A huge pliosaur skull found on the Dorset coast is set to be the subject of a brand-new David Attenborough documentary.

Attenborough and the Giant Sea Monster follows the presenter as he unearths the secrets behind a newly discovered Jurassic predator whose 150-million-year-old skull was found on a beach near Kimmeridge Bay.

He will be joined by a team of expert scientists and palaeontologists as they embark on a painstaking excavation and restoration of this rare discovery, which they believe could be a new species of pliosaur.

Bridport and Lyme Regis News:

The 12 metre long marine reptile lived around 150 million years ago in the Jurassic period.

Its bite is thought to have been twice that of a great white shark and the reptile has even been described as “the T-rex of the seas.”

A fossil enthusiast was walking along the rocky beaches of Kimmeridge Bay last year when one morning he discovered a jaw of a giant pliosaur.

The site is renowned for its fossils and features some of the most important geological discoveries on the Jurassic Coast.

Many of these were found by renowned palaeontologist Dr Steve Etches MBE, who has spent more than 30 years amassing over 2,000 specimens. His extensive collection is on display at The Etches Collection – a lottery funded fossil museum which was built in the coastal village.

Bridport and Lyme Regis News: The Etches Collection

Mr Etches was subsequently called in to assess the find and he speculated that the rest of the skull could still be encased in the cliff above.

He gathered a team of experts to excavate the rest of the fossil including fellow fossil hunter Chris Moore, who runs a small family fossil business in Charmouth.

Dr Etches and Mr Moore both previously worked with Sir David Attenborough on another documentary about a fossilised marine reptile – Attenborough and the Sea Dragon – back in 2018.

They spoke with great fondness about working with Sir David again, who shares their great love of fossils.

Mr Moore said: “Fossils are his love. Fossils are his absolute passion and he’s collected them since being a kid, from when he was at school in Leicester collecting in Charnwood Forest. It really was a project close to his heart.”

Bridport and Lyme Regis News:

Having been friends with Sir David for more than 20 years, Mr Moore said the presenter has always been interested in covering finds near the area.

 “A friend of a friend said to him, 'have you ever seen Chris Moore’s fossil collection?' I brought him down to see it and from that point on we became friends. He said to me ‘if you ever find a fossil that we could film from the start, from actually finding it in the cliff to digging it out, to the preparation, do let me know’.

“That happened sometime later, and he said I’ll phone the BBC. Within an hour they’d agreed to do the sea dragon programme. Now this project is sort of a follow up to that really as we were looking to find something just as exciting."

While the avid fossil hunters have worked with each other for decades, they describe this particular fossil as the biggest discovery they have ever faced.

Dr Etches said: “There’s nothing comparable to it today.

“It’s a big carnivorous reptile and one of the largest that ever lived in the sea. It’s even bigger than a T-Rex, these are larger and more ferocious.”

Despite the site's rich geological heritage, the regular tides, erratic currents, and rock falls from the shale cliff face makes extracting fossils a very dangerous undertaking.

Bridport and Lyme Regis News:

The team had only three weeks to excavate the skull before the storms of late summer would arrive. Suspended by ropes, 12 metres up in the cliff face, the team faced treacherous weather conditions while hammering away at the rock. One false move and the skull could have smashed.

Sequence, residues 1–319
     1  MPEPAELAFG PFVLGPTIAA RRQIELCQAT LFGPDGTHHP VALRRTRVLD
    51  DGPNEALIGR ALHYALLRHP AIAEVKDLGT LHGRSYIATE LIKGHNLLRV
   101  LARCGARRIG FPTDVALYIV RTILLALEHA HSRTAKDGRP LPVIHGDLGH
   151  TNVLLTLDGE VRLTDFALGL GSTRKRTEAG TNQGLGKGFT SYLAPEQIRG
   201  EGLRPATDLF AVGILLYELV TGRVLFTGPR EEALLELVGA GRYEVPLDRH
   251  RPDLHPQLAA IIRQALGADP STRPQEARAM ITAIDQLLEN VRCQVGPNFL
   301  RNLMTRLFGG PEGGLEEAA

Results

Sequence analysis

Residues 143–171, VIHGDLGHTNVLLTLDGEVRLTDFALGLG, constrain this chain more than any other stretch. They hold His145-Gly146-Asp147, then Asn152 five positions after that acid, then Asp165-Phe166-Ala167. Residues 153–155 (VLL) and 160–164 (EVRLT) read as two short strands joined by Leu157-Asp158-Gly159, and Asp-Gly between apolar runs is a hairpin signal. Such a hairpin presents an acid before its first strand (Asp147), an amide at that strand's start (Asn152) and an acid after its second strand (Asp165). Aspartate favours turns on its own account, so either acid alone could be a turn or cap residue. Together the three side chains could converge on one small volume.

Yet such a perilous undertaking was a “labour of love” for the pair with their passions stemming back to their childhoods.

Mr Moore, from Charmouth, said: “I’ve been collecting fossils since I was six-years-old. I had very indulgent parents who used to take me out and look at natural history and castles. When I learnt how old some of the things were that I was collecting that was it. I was hooked.”

Bridport and Lyme Regis News: 3D printed pliosaur teeth

After the skull was safely extracted, it was taken to Steve’s workshop nearby where restoration work began. It took several months to bring it back to life. This including moulding crowns for the skull from remains of the iconic trihedral shape pliosaur tooth which Mr Moore found in the cliff.

 “I collected one that drifted out of the jaw into the side of the jaw when we were digging it. From that all the missing ones were scanned and 3-D printed. We have got all the roots, and you can tell by the size of the root, the length of the teeth so then we had these crowns done and put back into the original part. For kids that come and visit, just to see those teeth would be like, wow!”

Mr Etches hopes that the find will attract more people to visit the museum and explore the local area. This level of intrigue is heighted by the fact that there’s so much mystery surrounding the Jurassic era.

 “You’re going back to a time period before man existed this is way back in tie the time, deep time that you can’t visualise no-one can.

“If you flew over the same topography of the land now you wouldn’t recognise any of it. The land wouldn’t be there. You wouldn’t recognise anything. In a hundred million years the Pyrenees could be warned down to foothills. That’s how that time period really is such a long time ago.”

Bridport and Lyme Regis News:

With the help of paleobiologists, visual effects sequences and digital scans, viewers will witness the peak of scientific research as they're given a detailed insight into the life of this pliosaur seeing how it looked, moved and hunted its prey. 

Attenborough and the Sea Monster will air at 8pm on New Year's Day on BBC One and iPlayer.